This is because officials wouldn’t be able to access the data they desperately need to plot the spread of the virus.
THE TIMELINE OF UK’S ANTIBODY TESTING DEVELOPMENTS
March 25: Professor Sharon Peacock, the director of the national infection service at PHE, told MPs antibody kits would be ready within days.
But confusion was sparked when chief medical officer Professor Chris Whitty told revealed the tests would not be ready to buy online within days.
March 26: Professor Yvonne Doyle, medical director at PHE, told MPs she expected home antibody tests to be available within a ‘couple of weeks’.
April 1: In the Downing Street press conference, Professor Doyle disputed the claim that PHE was ‘dragging its feet’ in approving antibody tests.
She said: ‘The important thing about theses antibody tests, this is not a matter of dragging our feet, it’s important that the test is valid, that it does what it says it does.’
April 6: Sir John Bell, one of the Oxford University team evaluating antibody tests for the government, revealed none of them performed well.
April 17: The New York Times reported that Britain was seeking a £16million refund after two antibody tests it had bought from Chinese companies were not accurate enough to be rolled out.
April 21: University of Oxford experts published anonymised results of the nine tests the government had bought – they showed all were deemed too weak to use.
Their sensitivity – ability to correctly spot people who had had the disease – ranged from 70 per cent to just 55 per cent.
May 3: US regulators gave the ‘game-changing’ antibody test made by Swiss pharmaceutical giant Roche the green light.
May 4: German health bosses announce a deal with Roche to buy 3million of its kits in May, as well as 5million per month from June.
May 13: Public Health England follows suit, approving the test to be used. It was revealed that health chiefs were planning to buy millions.
It remains unclear exactly how much the lab-based tests could cost, if and when they can be purchased.
WHO ELSE HAS APPROVED THE ROCHE ANTIBODY TEST?
Roche first announced it was developing the antibody on April 17, revealing it had plans to put it on the market in early May.
At the time, it announced it was working the US health regulator the Food and Drug Administration (FDA) for an ’emergency use authorisation’.
The FDA gave it the green light on May 3, allowing laboratories across the US to use it even though it has yet to be formally approved.
Roche also announced that the blood sample kit was also granted the vital ‘CE mark’ that shows it is safe to use within the EU.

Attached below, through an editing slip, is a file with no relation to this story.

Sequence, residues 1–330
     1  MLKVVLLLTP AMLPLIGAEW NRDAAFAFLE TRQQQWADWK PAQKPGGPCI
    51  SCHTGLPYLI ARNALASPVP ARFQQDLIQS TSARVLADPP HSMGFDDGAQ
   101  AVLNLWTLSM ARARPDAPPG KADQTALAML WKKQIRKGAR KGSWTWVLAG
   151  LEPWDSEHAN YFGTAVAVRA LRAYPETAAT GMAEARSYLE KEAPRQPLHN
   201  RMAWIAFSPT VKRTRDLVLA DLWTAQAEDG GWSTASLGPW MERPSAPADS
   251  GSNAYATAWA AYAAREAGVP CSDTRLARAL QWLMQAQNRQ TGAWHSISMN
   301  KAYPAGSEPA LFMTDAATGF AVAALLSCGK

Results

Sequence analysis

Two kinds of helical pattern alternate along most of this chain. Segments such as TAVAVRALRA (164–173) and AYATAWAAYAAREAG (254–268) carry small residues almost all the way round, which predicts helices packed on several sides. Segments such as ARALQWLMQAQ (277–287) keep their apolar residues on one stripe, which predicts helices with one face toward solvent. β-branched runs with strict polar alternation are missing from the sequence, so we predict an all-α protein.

German officials already signed a deal at the beginning of May to buy five million of the Roche kits every month.
Roche said the amount of tests it would be able to make each month for the US and countries accepting the CE mark would be in the ‘high double-digit millions’.
SO WHY HAS IT TAKEN THE UK SO LONG TO APPROVE ANY TEST?
Sir John Bell, an immunologist at Oxford University involved in evaluating antibody kits for the government, admitted approving tests takes ‘longer than it should’.
He suggested officials wanted to be completely sure that the tests were accurate, telling BBC Radio 4 Today’s programme: ‘I think you have to be a bit cautious.’
Sir John accepted it has ‘taken a week or two longer than it might have’, while other experts have said ‘every day counts’ amid a pandemic.
But he pointed out the failure of DIY antibody tests, which were described as ‘terrific’ and offered hopes of a way out of lockdown – but none turned out to work.
Professor Paul Hunter, an infectious disease expert at the University of East Anglia, told MailOnline: ‘In the grand scheme of things, 11 days would be nothing.’
But he added that ‘when you are in a situation like this when every day counts, it is indeed concerning’.
HOW ACCURATE IS THE TEST?
As long as it is used at least 14 days after someone has developed symptoms, it has a 100 per cent sensitivity rate, Roche claims.
Sensitivity is the rate of all positive samples that are truly positive. For example, if a test has an accuracy rate of 99 per cent, it means 99 out of every 100 people who test positive have actually been infected.
The other one person, however, would have been given an inaccurate result – known as a false negative result.
The Roche test also has a ‘specificity’ of 99.8 per cent, meaning it generates very few ‘false positives’ – when it indicates someone has been infected when they have not.
For every thousand people who take the test only two will be given a false positive result, according to its claim.
Sensitivity is considered the area authorities can afford to compromise on because testing errors in that area lead to false negatives – people being told they haven’t had the disease when they actually have – which would lead to relatively few consequences for most.
False positives, however, caused by poor specificity, may lead people to believe they are immune when they’re not, causing their behaviour to become riskier, or to receive treatment that they don’t need.
HOW COME THIS ONE WORKS WHEN OTHERS HAVE FAILED?
Roche scientists have managed to develop a test that only picks up the virus that causes COVID-19, scientifically known as SARS-CoV-2.
Previous tests assessed struggled to differentiate COVID-19 antibodies from four other types of human coronaviruses which cause the common cold.
The body makes antibodies in response to many illnesses and infections, including other coronaviruses.
But independent experts have also called for transparency over the results, which haven’t been made publicly available.
Professor Carl Heneghan, from Oxford University, said: ‘Without seeing the study methods and the data it’s impossible to verify these claims of accuracy.’
Professor Sheila Bird, a bio-statistician at Cambridge University, also called on the government to reveal the study design to allow scientists to scrutinise the work.